Aloe Concinna Baker
Also known as: (This is a debatable subject!)
Let’s start with some Aloe basics. It is a genus of succulent plants originating in the Arabian Peninsula, southern Africa, south western Asia, Madagascar and the Mascarene Islands. The 450 lily-related members were once considered taxonomically grouped with the Liliaceae family.
Aloe comes in a diversity of forms and sizes ranging from small grass-like herbs and stemless succulent rosettes, barely a few inches tall, to large species supported by stout, sixty feet (18.2 meters) trunks. With a waxy surface on their succulent leaves, they are well-adapted for harsh climates with scant precipitation. Their simple or branched inflorescence of yellow, orange or red tubular flowers generally angle downwards.
Cultivated for thousands of years, Aloe has been captured in prehistoric rock art by bushmen. The Egyptian Ebers Papyrus – from around 1552 BC – referred to its medicinal value and use in embalming. The Greek herbal of Dioscorides (41-68 AD) recommends that Aloe be applied “externally for wounds, hemorrhoids, ulcers and hair loss, and internally as a laxative”.
(For a good general Aloe page visit: http://succulentplant.com/families/aloaceae.html
Now, I guess I’ll go out on a limb (or should I say a succulent branch) and say that this is an Aloe concinna Baker. But that’s my best guess estimate!
(Heretofore, I thought total confusion was what we experienced every time we try to drive our car into Guadalajara! However, I have found that bepuzzlement pales beside the muddle of misinformation that surrounds identifying this attractive succulent!)
There is simply no consensus as to this plant’s identification by a majority of botanists – be they real and cyber space self-anointed. From my numerous readings, no little internet research and various other eclectic sources, I’ve unearthed that numerous folks identify it as Jemen Aloe. (Though of those on the internet, no few – I suspect – simply mouth the mistakes of others because of what appear to be plagiarizingly verbatim phrases used without attribution.)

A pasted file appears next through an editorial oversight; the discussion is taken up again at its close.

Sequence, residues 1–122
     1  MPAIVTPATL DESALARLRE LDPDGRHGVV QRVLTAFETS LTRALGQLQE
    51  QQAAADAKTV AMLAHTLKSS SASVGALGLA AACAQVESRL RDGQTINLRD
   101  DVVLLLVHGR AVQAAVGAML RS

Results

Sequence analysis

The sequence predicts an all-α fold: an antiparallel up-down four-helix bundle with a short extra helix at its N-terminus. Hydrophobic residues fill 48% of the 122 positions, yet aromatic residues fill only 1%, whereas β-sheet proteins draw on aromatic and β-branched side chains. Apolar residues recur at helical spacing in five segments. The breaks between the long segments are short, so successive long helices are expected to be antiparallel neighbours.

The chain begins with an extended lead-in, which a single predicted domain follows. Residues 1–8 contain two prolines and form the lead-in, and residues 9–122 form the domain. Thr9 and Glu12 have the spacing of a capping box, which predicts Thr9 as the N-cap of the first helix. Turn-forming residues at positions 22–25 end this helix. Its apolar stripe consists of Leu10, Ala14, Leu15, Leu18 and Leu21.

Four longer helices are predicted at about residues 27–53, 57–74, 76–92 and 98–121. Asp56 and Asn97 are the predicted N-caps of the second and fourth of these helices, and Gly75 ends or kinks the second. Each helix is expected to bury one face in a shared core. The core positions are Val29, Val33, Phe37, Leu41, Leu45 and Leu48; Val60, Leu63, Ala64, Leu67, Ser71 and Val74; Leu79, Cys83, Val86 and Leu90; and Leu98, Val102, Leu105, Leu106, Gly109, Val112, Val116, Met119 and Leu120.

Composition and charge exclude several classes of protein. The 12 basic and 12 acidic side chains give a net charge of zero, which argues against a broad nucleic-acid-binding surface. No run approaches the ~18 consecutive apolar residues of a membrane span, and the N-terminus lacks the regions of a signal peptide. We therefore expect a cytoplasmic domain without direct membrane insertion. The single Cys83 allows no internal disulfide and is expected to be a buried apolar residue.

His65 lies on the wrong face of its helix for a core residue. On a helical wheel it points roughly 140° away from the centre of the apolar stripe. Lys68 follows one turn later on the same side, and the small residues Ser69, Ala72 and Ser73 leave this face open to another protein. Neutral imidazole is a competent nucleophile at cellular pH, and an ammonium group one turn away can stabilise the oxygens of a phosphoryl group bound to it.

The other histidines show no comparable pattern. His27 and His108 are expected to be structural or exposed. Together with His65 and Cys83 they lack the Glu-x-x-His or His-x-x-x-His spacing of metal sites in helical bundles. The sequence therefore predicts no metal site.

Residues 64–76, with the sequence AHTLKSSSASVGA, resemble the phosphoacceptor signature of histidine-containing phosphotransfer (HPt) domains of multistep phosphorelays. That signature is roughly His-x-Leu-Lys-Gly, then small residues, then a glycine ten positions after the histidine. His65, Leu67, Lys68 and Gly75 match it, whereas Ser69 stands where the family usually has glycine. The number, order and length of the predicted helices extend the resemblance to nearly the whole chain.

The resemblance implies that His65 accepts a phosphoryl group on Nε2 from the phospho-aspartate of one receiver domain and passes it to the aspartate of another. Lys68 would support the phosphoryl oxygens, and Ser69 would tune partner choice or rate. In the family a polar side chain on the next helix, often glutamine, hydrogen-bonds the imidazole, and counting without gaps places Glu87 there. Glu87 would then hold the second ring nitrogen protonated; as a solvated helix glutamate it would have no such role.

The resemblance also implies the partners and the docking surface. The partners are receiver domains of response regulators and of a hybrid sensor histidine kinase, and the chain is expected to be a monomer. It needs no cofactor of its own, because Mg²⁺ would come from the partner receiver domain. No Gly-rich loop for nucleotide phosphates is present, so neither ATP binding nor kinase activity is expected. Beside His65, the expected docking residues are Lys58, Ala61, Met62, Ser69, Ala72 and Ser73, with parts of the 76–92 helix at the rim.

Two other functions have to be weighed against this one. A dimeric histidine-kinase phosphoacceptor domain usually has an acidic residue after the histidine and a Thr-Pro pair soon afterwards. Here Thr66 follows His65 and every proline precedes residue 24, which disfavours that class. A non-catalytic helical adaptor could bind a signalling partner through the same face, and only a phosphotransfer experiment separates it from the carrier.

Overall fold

Additional folks say it’s Squarrosa Aloe. But, while this attractive plant might be closely related to what we’ve pictured here, from I’ve been able to discern, Squarrosa Aloe is a more creeping species that grows hanging down limestone cliffs in Socotra.
However, confusingly, yet others state it is a Tiger Aloe (Aloe punctata). While others – with an equal amount of conviction – assert that that it is an Aloe juvenna. But as to its being confused with Aloe juvenna, the one on which we are focusing here seems to have larger rosettes. These, in turn, have longer, sometimes recurved white-spotted lanceolate leaves edged with triangular teeth. Atop this there can be a cluster of tubular orangish-red flowers with greenish tips. I’ve read that in the wild its population is increasingly limited as it is becoming threatened by livestock grazing in its native Zanzibar realm.
Partiality for full sun is the preference of most kinds of Aloe species, with the larger Aloes enjoying more direct sunlight. Many types of Aloe produce magnificent racemes of packed tubular yellow, orange or red flowers. And, for those without proper outside space, numerous small species can be grown – complete with their showy flowers – in a pot on a sunny window ledge.
As to pests and diseases effecting Aloe, these are the principals:
Aloe mite – This microscopic critter can cause severe damage to some species of Aloe. They spread via the wind or contact. Infestation will cause irregular, uncontrolled leaf and inflorescence growth and produce many finger-like projections. These growths depend on the mites to secrete a growth hormone-like substance. While this damage is not reversible it will not progress if the mites are removed with a miticide.
Aloe rust – A fungus, it causes round black or brown spots on the leaves. That dark color is caused by oxidation of phenolic substances in the sap. Once formed, these ugly spots are permanent but do not usually spread. It can be thwarted by application of a systemic fungicide. Prevention is the best option via good air circulation, sunlight, not allowing water to stay on the leaves and avoiding excessive watering when it’s cool.
Aloe scales – There are two of these insects to watch for – small flat, oval white ones and larger ones of reddishbrown. Tending to live in colonies on the leaf surface, they both suck the sap from the plant and – insult to injury – may spread viruses and other diseases. However they are usually quite sensitive to systemic insecticides.
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Tommy Clarkson is a bit of a renaissance man. He’s lived and worked in locales as disparate as the 1.2 square mile island of Kwajalein to war-torn Iraq, from aboard he and Patty’s boat berthed out of Sea Bright, NJ to Thailand, Germany, Hawaii and Viet Nam; He’s taught classes and courses on creative writing and mass communications from the elementary grades to graduate level; He’s spoken to a wide array of meetings, conferences and assemblages on topics as varied as Buddhism, strategic marketing and tropical plants; In the latter category he and Patty’s recently book, “The Civilized Jungle” – written for the lay gardener – has been heralded as “the best tropical plant book in the last ten years”; And, according to Trip Advisor, their spectacular tropical creation - Ola Brisa Gardens – is the “Number One Tour destination in Manzanillo”.